Until this year, I had neither exhibited nor curated in New York. My SPRING/BREAK experience felt like a rite of passage that has been a long time coming. Recent years have been enormously transformative for my practice and curatorial eye, so I am glad that this opportunity arose at a time when I felt ready. Many artists like me who did not go to art school and do not live in major metropolitan centers often suffer from a lack of confidence or a sense of inferiority, as if either of those realities lend necessary “authority” to one’s artistic perspective. Originating from sources both internal and external, that feeling of inadequacy is anachronistic and should be ignored, if not obliterated. SPRING/BREAK was founded by artists Andrew Gori and Ambre Kelly, neither of whom are native New Yorkers, and in ethos, the fair maintains a sense of being outside what could be called the establishment.
SPRING/BREAK is meant to be a fully immersive experience, and for both viewers and exhibitors it lives up to that objective. During the eleven days I spent in New York, I met and had conversations with an incredible number of people including former directors of national museums, art consultants, critics, gallerists, curators, collectors, and artists. I was able to talk about my work (and bump elbows) with hundreds, if not thousands, of art lovers who came through our room. Even amidst mounting concern over the coronavirus, by week’s end the gray spray of street filth that ombréd our yellow shag left no doubt as to the intensity of the crowds.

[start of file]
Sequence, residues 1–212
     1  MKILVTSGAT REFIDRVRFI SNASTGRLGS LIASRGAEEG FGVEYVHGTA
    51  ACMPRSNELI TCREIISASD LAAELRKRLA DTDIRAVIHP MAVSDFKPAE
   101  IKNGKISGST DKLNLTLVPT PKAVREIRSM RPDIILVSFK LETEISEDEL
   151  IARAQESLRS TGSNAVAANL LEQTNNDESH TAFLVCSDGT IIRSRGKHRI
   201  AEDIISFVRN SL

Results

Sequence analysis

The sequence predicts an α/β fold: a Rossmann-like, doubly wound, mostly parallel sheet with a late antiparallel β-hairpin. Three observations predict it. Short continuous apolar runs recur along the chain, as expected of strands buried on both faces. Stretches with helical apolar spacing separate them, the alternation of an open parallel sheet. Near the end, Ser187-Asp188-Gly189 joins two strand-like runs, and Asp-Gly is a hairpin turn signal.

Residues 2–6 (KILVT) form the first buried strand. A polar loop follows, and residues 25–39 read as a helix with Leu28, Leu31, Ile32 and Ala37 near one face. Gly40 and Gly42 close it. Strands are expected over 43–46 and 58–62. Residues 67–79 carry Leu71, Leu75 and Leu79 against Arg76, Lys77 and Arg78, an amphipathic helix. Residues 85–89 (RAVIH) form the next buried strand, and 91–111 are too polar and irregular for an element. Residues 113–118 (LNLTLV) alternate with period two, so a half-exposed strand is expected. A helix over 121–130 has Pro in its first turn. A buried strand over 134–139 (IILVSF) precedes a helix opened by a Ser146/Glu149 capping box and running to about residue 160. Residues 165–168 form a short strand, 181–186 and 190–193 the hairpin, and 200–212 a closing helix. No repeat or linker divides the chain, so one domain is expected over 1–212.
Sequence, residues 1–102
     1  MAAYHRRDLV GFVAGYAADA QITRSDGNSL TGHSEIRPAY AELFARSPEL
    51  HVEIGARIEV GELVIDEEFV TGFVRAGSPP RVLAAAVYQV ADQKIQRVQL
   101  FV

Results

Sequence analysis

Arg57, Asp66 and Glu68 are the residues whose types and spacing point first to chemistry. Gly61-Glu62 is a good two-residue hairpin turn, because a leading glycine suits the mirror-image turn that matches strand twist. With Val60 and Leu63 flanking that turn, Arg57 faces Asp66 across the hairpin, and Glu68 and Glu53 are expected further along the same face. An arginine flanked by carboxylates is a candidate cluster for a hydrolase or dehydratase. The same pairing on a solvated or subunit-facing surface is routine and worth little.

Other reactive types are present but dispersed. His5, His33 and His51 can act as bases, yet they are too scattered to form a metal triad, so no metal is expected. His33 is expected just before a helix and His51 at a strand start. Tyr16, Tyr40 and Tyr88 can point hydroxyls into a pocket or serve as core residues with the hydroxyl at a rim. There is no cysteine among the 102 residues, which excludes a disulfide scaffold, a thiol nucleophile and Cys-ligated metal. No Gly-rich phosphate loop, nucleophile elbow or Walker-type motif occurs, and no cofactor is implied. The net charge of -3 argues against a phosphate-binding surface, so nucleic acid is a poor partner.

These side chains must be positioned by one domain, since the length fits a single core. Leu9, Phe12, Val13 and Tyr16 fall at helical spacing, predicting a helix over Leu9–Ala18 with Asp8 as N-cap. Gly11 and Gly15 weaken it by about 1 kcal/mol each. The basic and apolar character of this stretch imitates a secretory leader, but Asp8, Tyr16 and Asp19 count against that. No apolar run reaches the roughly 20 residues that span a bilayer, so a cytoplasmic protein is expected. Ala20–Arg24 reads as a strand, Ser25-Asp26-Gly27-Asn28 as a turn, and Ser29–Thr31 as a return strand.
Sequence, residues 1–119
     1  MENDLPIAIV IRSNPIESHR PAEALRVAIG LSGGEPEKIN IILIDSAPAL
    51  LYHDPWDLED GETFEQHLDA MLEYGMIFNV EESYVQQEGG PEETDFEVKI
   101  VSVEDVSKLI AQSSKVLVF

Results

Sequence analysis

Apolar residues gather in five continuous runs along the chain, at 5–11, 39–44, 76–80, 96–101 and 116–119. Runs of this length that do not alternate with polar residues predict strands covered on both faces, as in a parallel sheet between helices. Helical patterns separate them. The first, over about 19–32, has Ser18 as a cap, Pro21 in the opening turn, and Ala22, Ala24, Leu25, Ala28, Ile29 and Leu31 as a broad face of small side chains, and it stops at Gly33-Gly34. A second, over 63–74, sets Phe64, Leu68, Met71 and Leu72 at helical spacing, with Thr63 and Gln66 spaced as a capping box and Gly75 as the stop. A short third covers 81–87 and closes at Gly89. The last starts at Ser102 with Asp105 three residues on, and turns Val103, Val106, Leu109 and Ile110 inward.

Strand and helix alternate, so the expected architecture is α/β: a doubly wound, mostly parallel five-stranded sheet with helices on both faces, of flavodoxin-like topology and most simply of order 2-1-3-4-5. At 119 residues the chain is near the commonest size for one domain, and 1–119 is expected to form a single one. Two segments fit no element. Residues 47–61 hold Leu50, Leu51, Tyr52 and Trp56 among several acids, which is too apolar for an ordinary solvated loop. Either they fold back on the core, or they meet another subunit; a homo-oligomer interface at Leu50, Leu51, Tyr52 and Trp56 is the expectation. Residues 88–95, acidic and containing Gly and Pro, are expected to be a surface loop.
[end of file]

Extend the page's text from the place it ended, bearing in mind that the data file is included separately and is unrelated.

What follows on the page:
The art world has, to some degree, woken up to the value and necessity of championing alternative perspectives. I found this to be the case in New York, but it was also true when I studied in Berlin in 2015. Undoubtedly my work is impacted by my relationship to Louisville and my native Kentucky, but it isn’t defined by those things. I view my work as primarily part of the larger conversation taking place in contemporary art, though it can also be factually categorized as contemporary southern art and contemporary queer art. Those of us who don’t live in New York or Los Angeles but are hungry for knowledge and experience must make extra efforts to remain engaged with what is taking place around the world - the silo of the studio alone cannot suffice.
When the dust finally settles from the COVID-19 quarantine, I look forward to continuing to develop relationships with those I met in New York and hope to exhibit there again soon. When one enters an environment like NYC’s art scene, it pays to show up informed - not so much because we must conform to the strictures of the standard conversation, but rather because when we demonstrate that we can participate on somewhat equal footing, we can then begin to shift the conversation. Our goal should not only be participation but contribution. By showing up, we can become known entities and eventually compel them to come to us.
Contributor to Ruckus
Room 1152 at SPRING/BREAK NYC, with works by Paola Oxoa, John Brooks and Bob Szantyr visible.
The work of Oren Pinhassi, presented by London gallery Edel Assanti at The Armory Show.
The work of Baltimore-based artist James Williams, presented by Book Club Artists Collective at SPRING/BREAK.
Room 1152 at SPRING/BREAK NYC
Gerhard Richter's "Painting After All," The Met Breuer